Sex Money Power after book club meeting Sept. 22nd

Sex Power and Money Small

Follow-up blurb concerning Sex Money Power after book club prepared by Sealia.

In the wake of the #MeToo movement, there has been an array of books investigating women’s lives and their experiences of sexism and misogyny, including the likes of Laura Bates’ influential tome, Everyday Sexism, and Do It Like a Woman, by Caroline Criado Perez.

In her second book, Sex Power Money, comedian Sara Pascoe takes an analytical – yet hilarious – approach to confront her own prejudices and ‘fear of the male libido’. Whip-smart and funny, Pascoe digests reams of research into an eye-opening journey through social, cultural, and linguistic anthropology. She has an engaging, conversational style of writing and an intriguing supply of curious facts and eye-opening research.

One of the big questions of this book is whether we will ever be able to escape what she calls the Conundrum of Heterosexuality, that is, women venerating status and men worshipping youth (though she carefully acknowledges that this does not apply to all).

She begins by looking into evolutionary theory to determine how our biology (and its change over time) affects our current societal norms and certain gender roles; as human brains became larger, their hips became narrower, and this led to babies being born smaller and totally helpless. So, a baby had a better chance of survival – sheltered from predators, enemies, cold and hunger – if it had a male who was “bonded” to its mother and therefore more likely to protect it and provide food, shelter, tribal status for it.

Pascoe also poses provocative questions around topics such as survival sex, sex workers, and porn’s place in our society (especially men’s perceptions of women and how this is affected by porn use) examining her own preconceptions about these and the language used to describe them.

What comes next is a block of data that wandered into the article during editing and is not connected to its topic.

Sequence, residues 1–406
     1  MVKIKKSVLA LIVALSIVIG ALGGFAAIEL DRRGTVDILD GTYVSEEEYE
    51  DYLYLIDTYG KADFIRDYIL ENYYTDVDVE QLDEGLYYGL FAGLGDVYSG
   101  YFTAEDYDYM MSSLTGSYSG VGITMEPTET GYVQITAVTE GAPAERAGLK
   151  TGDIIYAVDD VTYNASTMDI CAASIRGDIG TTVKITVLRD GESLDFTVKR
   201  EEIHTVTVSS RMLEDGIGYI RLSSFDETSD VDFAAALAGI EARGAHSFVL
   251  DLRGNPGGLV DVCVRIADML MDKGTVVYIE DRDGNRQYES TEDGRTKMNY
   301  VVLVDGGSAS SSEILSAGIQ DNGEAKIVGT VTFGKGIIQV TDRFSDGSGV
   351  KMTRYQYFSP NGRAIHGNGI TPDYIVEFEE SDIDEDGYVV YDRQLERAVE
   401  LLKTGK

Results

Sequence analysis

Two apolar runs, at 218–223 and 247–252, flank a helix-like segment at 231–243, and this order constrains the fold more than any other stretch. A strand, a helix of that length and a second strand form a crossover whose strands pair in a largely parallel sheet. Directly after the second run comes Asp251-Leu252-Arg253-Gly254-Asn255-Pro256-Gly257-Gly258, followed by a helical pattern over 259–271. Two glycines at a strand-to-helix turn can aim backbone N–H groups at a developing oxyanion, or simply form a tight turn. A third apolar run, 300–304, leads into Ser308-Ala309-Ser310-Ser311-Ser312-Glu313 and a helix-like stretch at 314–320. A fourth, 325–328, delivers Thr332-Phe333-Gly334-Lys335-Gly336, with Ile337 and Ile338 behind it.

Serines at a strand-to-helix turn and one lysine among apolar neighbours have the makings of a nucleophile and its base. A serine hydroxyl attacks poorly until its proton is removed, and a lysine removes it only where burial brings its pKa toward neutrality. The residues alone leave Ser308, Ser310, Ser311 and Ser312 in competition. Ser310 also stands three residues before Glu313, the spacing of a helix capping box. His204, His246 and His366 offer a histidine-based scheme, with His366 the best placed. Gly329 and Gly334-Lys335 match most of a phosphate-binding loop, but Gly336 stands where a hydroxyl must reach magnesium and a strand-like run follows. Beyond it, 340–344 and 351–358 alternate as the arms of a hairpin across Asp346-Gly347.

Pascoe uses the 1993 film Indecent Proposal, Hollywood’s idea of what happens when sex, power and money collide, as a sort of case study. The wife becomes an object to be borrowed, rented out for a million dollars, which – conveniently – will solve the couple’s financial worries. Back in the real world, Pascoe asks how poor you would have to be to resort to survival sex and investigates what sort of people take advantage of the desperate. Where do the lines of power, money, and sex intertwine?

Pascoe covers a lot of ground in this meandering assessment of how humans handle sex, power, and money but she manages to lasso the result into a fascinating and cohesive exploration of the human condition.

While it primarily considers how women are affected by changing social mores, it is by no means an "all men are bastards" study, with Pascoe readily admitting that they also suffer from societal expectations.

Our group had a grand old time discussing this book as it raised topics typically taboo and not often discussed, even amongst close friends.  The question of who pays for dinner when on a first date, whether or not paying for dinner led to expectations of sexual encounters after the date, how young we were when we first got asked to have sex with a boyfriend/partner (and how that affected your future reactions to boys/men “propositioning” you), and how we thought exposure to porn (even before a first sexual encounter) might change boys’ perceptions of girls and women… were just some of the topics covered. What an afternoon!

Some members found that clearly there was a generational difference with a lot of the topics covered. We also noted that access to internet clearly changed the societal dynamic to these and other topics.

Overall, it was a very lively discussion and seemed to keep everyone engaged throughout.